By protecting waterways from sediment, Sam and Liz have managed to maintain or improve the population of freshwater crayfish in the creeks around the farm. “If you go up the creek with the kids and a spotlight, it is just loaded, which is great to see and respect.”

Recently, Sam moved from conventional ploughing with a tractor to a direct drilling system that has saved time, reduced the amount of sediment loss, and has been financially beneficial too.

When Sam puts a crop in, he leaves a 5-metre buffer zone, and in many cases there is also an area of tussock before you reach the creek. He only grazes sheep on the crop and uses big breaks. Sam says, “When feeding brassicas I like to employ the least intensive system possible. This involves big breaks, which allows for less impact damage and pugging, improved animal performance, less animal stress and of course less labour.” This year they also put straw bales around their critical source areas as a sediment trap. These good practice initiatives were also noted in the comments by the award judges.

Sam and Liz have introduced two water schemes onto the property. They were planning to add another one this year, however this has been delayed due to the COVID-19 situation. “We also had more fencing to do and a lot of new waterscapes, so it’s a shame to have to postpone these projects.”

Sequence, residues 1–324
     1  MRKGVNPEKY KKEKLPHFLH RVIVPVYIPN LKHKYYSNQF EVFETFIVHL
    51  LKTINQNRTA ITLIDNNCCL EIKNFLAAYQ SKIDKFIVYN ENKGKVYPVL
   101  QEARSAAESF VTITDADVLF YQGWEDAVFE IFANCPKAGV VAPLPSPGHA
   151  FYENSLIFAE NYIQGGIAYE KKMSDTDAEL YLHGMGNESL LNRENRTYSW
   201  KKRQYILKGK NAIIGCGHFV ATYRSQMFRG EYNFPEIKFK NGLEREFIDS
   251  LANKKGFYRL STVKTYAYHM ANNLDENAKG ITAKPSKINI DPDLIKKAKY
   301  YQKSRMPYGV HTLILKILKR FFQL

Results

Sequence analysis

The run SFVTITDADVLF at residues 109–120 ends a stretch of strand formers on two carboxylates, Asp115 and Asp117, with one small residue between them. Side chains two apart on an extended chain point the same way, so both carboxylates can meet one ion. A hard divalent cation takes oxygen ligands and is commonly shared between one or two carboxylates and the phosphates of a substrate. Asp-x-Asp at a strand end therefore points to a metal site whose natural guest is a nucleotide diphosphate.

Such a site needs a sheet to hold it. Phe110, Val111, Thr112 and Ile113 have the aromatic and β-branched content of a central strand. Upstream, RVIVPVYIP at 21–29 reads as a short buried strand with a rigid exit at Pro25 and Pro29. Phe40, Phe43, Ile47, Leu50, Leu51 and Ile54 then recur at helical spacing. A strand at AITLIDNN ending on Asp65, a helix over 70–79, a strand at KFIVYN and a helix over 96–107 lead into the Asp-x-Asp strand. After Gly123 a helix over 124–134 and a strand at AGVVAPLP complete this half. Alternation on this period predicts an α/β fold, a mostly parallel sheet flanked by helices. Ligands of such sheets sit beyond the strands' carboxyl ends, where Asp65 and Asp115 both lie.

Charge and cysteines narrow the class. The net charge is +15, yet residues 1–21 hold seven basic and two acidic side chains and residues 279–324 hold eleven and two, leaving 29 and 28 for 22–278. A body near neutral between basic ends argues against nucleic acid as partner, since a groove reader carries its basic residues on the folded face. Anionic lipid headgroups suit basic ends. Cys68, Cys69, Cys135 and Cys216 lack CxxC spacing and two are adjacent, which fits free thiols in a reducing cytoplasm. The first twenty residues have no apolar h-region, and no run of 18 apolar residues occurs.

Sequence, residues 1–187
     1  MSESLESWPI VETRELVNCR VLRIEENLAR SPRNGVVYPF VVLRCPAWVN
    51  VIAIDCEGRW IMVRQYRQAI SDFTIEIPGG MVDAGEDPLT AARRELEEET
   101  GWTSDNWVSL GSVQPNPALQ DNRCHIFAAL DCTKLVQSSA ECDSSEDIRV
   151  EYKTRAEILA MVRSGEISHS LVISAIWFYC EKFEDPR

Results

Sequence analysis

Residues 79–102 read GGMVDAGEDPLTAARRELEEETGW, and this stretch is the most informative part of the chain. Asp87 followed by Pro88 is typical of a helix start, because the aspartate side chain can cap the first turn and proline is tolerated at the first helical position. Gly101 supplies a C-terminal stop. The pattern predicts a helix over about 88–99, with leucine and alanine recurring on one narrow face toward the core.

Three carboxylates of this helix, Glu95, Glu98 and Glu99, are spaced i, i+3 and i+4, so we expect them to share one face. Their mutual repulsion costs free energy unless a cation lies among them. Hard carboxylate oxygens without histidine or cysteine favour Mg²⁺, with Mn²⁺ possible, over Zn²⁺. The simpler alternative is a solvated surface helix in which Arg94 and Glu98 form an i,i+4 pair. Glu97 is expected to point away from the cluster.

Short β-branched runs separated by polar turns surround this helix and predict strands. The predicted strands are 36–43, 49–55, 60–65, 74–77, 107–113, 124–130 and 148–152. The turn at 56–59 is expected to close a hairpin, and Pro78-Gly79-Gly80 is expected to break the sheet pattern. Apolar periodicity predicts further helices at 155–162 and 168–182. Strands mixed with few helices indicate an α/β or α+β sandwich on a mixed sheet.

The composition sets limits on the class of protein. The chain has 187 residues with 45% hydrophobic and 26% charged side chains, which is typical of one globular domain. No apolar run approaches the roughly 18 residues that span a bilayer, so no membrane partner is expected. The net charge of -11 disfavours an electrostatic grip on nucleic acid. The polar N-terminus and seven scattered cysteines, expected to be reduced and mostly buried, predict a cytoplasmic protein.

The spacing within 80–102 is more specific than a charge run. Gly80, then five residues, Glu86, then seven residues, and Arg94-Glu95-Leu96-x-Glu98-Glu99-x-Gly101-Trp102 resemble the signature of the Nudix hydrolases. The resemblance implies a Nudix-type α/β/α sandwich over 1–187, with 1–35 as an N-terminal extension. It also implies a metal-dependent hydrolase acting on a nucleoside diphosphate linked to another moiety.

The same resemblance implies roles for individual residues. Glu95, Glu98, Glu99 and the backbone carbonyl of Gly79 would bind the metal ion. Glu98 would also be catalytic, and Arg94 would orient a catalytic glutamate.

They originally had a one-year cropping programme but by occasionally introducing a two-year programme, they’ve been able to resolve some issues with fertility and weeds. “We want to walk out with the paddocks sown in young grass with tidy well positioned fences, fertility in order, and no weeds,” Sam says. “That’s the way we want to roll at the moment.”

Shelter is also provided by the natural snow tussock preserved by previous owners. “The tussocks provide good shelter for the sheep in a snowstorm and shade in the summer. It also helps filter any nutrient runoff and is very aesthetically pleasing.”

Sam and Liz have completed a nutrient budget and are happy with the results. “We want to keep a rolling document to analyse and track progress and also to plan ahead.” This approach to monitoring and measuring to improve their farming practice was one of the big things that impressed the awards judges. The couple is also in the Pomahaka River Care Group and are monitoring nitrates, E. coli and phosphorus levels as part of a community initiative.

Sam feels that little things can make big differences and they don’t have to affect your cash flow or your workload. He acknowledges it can be hard to change habits of previous generations, but he believes “minute changes can have a remarkable impact on the environment”.

“I know personally we are doing everything we can to protect waterways. I want things to look pretty, I want our stock to be happy and healthy and I want them to taste good. We give it our all and we do our best and I hope people respect that. We love our land and animals and people.”

Farm facts:
• 553 hectares, including 42 hectares of trees and laneways
• High-altitude property ranging from 1,550-2,500ft
• It’s warmer than expected due to shelter ranging from large areas of snow tussock and gullies, to a variety of plantations and shelter belts.
• 3,200 ewes, 880 hoggets, 100 mixed-aged cows
• 30-40 hectares of winter brassicas